by Susan V. Bosak, MA
Social Researcher & Educator
Tick-tick tick-tick tick-tick…
We help people with time – lifetimes across generations.
Drawing on multidisciplinary research, the Legacy Project develops strategic social innovations for inspired lives for all generations in smart and caring communities on a tiny blue dot.
What time is it?
Time to get up or get going? Time to be a parent, grandparent, great-grandparent? Time to get plugged into the newest technology before you get left behind the times? Or time to move toward what master storytellers call a new Grand Narrative of 7-Generations.
We all live our own story. But too often we get stuck in little stories that fail to sustain us or effect real change. The Legacy Project's work is about a bigger story. We're working to interconnect the dots of economic, ecological, physical and social health in the big-picture context of lifetimes across generations…
It's About Time
As a global community, we're facing big challenges. And it's all connected.
From climate change and economic meltdown to increasing mental health issues and declining social cohesion, the challenges affect all generations now and into the future. If we're to find our way through the challenges, while taking advantage of the opportunities that also exist, we need to think and act bigger. We're stuck in 20th Century thinking in a 21st Century world – our challenges too big, our thinking and action too small.
Our understanding and experience of time is a key factor. It's a significant part of our personal development, as well as our relationships with others and with the world. It fundamentally influences how we think and act, individually and collectively.
Helping children understand time and their place in it is to teach them an important life lesson. They need to know how to tell time, how to be on time, how to manage time to get their homework done on time. So, they need a sense of daily time. They also need a sense of their LIFEtime. They need to think about the life ahead of them to make choices.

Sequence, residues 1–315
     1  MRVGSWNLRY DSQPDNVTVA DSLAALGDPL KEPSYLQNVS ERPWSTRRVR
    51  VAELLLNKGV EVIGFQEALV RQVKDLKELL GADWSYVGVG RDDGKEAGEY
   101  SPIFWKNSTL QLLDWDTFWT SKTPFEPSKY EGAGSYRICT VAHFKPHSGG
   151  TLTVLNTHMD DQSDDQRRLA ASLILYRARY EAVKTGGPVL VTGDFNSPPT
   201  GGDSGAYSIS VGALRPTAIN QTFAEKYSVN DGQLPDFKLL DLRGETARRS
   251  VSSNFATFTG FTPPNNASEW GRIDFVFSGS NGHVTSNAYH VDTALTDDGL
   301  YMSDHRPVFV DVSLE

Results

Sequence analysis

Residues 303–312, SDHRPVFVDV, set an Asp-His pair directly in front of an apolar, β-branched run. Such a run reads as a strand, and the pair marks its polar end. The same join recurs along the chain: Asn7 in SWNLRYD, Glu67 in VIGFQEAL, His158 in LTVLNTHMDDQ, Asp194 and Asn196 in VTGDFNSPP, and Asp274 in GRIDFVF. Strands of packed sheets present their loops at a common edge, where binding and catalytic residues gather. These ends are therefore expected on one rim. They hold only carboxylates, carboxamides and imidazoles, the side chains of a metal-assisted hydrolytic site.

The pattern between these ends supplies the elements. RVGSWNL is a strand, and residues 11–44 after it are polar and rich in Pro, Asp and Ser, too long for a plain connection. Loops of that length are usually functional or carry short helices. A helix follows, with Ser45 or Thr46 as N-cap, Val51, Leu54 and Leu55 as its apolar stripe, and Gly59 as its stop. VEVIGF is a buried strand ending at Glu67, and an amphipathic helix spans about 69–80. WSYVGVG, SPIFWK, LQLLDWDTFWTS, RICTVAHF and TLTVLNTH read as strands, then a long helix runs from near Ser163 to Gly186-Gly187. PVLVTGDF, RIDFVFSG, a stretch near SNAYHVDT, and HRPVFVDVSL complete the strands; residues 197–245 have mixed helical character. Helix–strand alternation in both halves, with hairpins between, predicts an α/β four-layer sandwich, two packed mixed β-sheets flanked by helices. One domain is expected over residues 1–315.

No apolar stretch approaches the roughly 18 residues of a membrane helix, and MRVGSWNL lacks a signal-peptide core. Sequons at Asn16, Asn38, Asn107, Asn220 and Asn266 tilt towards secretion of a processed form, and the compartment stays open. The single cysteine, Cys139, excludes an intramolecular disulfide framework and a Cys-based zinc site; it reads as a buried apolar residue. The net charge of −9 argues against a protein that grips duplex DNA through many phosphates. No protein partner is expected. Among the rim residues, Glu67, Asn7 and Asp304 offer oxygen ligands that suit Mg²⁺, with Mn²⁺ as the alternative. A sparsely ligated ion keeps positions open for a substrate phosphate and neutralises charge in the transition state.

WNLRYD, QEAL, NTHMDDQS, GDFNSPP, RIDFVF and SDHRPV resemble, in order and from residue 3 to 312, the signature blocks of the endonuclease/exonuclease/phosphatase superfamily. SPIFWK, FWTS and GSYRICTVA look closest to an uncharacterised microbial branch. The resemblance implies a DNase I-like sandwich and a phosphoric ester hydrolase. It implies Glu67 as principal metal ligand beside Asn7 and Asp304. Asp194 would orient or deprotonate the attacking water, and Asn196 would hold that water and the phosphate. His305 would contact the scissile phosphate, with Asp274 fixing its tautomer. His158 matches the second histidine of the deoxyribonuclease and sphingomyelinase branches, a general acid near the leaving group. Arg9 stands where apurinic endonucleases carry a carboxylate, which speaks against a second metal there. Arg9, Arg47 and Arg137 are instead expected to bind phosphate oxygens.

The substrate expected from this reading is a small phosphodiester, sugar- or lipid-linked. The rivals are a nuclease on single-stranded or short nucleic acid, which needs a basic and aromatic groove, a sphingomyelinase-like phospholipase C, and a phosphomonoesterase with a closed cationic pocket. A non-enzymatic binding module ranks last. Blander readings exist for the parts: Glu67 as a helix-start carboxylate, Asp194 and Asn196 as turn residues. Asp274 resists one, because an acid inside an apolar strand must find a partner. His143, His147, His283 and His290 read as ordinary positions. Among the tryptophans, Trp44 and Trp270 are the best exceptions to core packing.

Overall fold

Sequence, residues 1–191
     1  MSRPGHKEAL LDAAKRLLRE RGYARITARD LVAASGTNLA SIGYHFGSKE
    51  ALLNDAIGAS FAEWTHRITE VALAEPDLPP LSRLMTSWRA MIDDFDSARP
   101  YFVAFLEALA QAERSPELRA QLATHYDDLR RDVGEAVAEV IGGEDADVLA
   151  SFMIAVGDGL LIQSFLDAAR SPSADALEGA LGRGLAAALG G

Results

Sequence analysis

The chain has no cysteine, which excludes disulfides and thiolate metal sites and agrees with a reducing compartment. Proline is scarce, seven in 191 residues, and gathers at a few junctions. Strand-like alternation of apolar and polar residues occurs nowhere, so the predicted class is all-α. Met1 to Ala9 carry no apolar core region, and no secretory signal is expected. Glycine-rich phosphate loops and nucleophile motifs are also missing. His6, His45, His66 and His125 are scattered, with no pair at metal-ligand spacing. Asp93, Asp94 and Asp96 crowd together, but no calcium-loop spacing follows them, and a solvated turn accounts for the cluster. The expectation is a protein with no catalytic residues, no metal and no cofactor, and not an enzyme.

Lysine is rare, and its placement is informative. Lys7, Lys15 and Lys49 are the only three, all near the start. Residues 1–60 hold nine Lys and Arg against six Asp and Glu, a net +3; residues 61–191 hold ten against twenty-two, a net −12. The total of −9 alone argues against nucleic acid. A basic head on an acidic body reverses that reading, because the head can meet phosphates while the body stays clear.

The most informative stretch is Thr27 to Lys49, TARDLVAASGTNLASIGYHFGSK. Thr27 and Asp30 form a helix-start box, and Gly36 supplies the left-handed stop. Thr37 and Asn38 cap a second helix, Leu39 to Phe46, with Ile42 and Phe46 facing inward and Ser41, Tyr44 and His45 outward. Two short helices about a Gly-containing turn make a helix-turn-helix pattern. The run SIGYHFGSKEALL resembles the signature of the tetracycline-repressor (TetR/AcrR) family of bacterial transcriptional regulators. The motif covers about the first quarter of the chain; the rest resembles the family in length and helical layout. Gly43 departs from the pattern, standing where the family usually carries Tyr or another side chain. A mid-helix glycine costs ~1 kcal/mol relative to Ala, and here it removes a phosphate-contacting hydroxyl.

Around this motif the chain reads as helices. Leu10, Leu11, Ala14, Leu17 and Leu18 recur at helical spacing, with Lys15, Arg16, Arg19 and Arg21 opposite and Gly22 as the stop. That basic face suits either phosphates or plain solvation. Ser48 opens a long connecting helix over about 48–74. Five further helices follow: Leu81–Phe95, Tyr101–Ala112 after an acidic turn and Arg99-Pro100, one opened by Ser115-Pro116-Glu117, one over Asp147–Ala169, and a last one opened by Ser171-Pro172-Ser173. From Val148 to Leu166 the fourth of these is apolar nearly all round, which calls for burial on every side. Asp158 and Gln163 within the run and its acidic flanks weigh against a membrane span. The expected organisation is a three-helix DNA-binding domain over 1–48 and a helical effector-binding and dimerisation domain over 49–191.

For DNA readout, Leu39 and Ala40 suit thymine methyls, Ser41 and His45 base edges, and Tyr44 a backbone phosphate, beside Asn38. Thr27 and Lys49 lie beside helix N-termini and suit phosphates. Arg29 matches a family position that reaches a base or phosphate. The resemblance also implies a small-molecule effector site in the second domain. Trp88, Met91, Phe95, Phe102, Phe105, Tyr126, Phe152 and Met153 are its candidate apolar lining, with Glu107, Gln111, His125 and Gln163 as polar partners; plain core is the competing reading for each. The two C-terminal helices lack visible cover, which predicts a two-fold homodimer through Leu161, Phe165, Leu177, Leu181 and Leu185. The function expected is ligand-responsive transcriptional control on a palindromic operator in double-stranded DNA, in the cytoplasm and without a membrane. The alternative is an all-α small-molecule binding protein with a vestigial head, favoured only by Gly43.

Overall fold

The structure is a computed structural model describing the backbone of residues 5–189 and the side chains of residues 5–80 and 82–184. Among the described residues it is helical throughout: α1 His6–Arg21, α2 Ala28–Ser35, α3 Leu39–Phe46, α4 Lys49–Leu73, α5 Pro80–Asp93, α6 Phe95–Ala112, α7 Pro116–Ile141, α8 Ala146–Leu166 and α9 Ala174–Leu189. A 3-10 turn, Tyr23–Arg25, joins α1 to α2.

As adults, life success has a lot to do with time; successful athletes, entrepreneurs, leaders, and others put in time to become successful. There's balancing the time we put into work with the time we share with the important people in our lives. We also make decisions that affect not only our future, but the future of our children, grandchildren, great-grandchildren and beyond. As we get older, we become a model of time lived. We also tend to become more attuned to the natural rhythms of time as we move through sunrises to sunsets, springs to winters. Then, there's all the time that has come before us and all that will come after us – past, present, and future.
Our times are changing – rapidly. Just ask your grandmother or great-grandfather. Our world has changed more in the last hundred years than it did in the previous thousand. We split the atom, probed the psyche, invented plastic, perfected airplanes and rockets, put a television and then a computer in homes around the globe, filled billions of pockets with mobile phones, and reinvented ideas about everything from logic and language to economics and the environment. We've changed the way we interact, travel, communicate, learn, work, organize our communities, create and distribute resources, and affect our planet.
Time is a central organizing feature in all of this and a part of all human activity. We've fundamentally changed our relationship with time.
The Clock Only Ticks
The Legacy Project helps people with time. We're an independent, nonideological research, education, and social innovation group. We're funded through grants and sales of books, workshops, and other resources. We work with children, youth, adults, elders, schools, organizations, and communities across the continent and around the globe.
This is not your grandma's legacy. We bring together three very different perspectives on time. The Legacy Project's core team includes a systems engineer, an economics grad, and a social reseacher/educator. As the educator, I'm the one who asks a lot of the big questions – like, is time something to be measured, optimized, or experienced?
My grandmother used to say that the clock only ticks. In other words, it's just a mechanical device that makes a noise as it moves to mark time. Whether or not we choose to let the clock rule us is up to us.